Since I started researching for my book, Retirement Basics, I find myself in many conversations on the topic. Earlier in the year I sat next to Fred from Indiana at dinner. He told me he was waiting patiently to reach age 65 so that he could apply for Social Security.
I didn’t want to burst his bubble but thought he should know that in 1983 a law was passed changing the Full Retirement Age. For those born between 1943 and 1954, Full Retirement Age (FRA) is 66. For those born 1960 or later, FRA is 67. For those born in between, the age varies between 66 and 67. I was born in 1956, and my Full Retirement Age is 66 years and 4 months. Follow the link above to determine your FRA.
Why does it matter? Your Full Retirement Age is the age when you can apply for what is considered your full benefit amount. Should you apply before, your benefit is reduced. Should you apply after, your benefit is increased.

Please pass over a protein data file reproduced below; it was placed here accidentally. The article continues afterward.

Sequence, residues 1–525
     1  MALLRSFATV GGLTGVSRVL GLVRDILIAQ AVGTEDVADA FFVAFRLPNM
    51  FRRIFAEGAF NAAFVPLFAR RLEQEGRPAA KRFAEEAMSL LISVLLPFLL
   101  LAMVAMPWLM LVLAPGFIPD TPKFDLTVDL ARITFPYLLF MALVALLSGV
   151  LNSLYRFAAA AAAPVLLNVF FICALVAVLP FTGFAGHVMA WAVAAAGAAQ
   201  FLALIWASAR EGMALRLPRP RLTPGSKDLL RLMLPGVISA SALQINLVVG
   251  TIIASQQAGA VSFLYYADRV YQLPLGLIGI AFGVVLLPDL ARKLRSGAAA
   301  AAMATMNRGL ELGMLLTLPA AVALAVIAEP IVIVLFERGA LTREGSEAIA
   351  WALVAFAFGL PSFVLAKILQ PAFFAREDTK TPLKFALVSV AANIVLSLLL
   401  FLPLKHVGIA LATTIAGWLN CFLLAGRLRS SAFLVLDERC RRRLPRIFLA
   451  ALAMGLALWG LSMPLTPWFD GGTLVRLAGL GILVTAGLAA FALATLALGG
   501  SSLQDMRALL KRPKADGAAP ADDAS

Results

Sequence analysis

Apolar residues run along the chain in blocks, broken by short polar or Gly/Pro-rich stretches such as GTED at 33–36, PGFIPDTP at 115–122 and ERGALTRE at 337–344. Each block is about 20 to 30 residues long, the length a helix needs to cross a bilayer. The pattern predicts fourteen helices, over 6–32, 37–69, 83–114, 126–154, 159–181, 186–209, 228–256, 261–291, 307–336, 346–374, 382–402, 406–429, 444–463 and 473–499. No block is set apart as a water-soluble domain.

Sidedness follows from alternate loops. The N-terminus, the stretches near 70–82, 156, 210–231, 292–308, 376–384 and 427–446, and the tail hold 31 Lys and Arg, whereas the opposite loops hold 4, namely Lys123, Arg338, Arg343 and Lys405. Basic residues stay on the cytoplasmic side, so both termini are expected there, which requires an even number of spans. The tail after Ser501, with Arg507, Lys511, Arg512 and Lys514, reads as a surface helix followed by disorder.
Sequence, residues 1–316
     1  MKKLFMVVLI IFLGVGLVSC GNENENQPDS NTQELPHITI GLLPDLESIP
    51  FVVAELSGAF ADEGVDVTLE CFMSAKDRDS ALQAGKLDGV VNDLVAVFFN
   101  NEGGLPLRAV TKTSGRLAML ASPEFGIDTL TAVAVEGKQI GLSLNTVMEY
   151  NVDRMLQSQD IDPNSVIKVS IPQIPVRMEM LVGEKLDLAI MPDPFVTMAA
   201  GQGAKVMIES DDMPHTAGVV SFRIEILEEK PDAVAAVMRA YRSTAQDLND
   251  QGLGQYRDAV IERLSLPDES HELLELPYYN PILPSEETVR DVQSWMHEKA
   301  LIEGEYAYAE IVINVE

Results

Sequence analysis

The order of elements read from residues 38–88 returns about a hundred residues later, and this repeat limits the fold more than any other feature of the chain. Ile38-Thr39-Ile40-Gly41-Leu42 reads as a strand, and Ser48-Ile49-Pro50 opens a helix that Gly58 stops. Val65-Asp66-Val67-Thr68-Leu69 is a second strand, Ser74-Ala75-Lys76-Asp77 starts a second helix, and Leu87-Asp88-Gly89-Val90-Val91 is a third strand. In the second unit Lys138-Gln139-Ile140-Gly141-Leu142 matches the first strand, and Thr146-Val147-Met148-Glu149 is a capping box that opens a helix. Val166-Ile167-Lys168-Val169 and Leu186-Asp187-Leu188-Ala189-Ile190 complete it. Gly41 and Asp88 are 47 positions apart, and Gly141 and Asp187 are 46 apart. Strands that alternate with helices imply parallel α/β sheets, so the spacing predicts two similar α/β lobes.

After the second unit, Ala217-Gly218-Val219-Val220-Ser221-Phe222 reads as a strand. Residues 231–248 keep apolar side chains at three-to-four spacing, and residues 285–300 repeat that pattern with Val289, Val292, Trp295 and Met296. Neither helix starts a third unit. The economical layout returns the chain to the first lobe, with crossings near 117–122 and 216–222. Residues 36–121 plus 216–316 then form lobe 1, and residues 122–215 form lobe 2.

You can start collecting Social Security benefits at age 62, but your benefit will be decreased about 30% for the rest of your life. For each year you wait, your payment will be more.
This summer while getting a haircut from my friend Susan, she mentioned that she had applied for Social Security. She had reached Full Retirement Age, and as she understood it, she would receive her maximum benefit amount. But this is not true.
If you delay receiving benefits after your Full Retirement Age, you get what are called Delayed Retirement Credits. For each year you wait to begin collecting you receive an 8% increase in benefits. This is until you turn age 70. After that there is no benefit to waiting.
I am finding that misunderstandings abound when it comes to Social Security benefits. Mistakes can be costly, and they are long term. My purpose in writing this blog is to share information that may make it easier so that future retirees can make educated choices and determine what is in their best interest.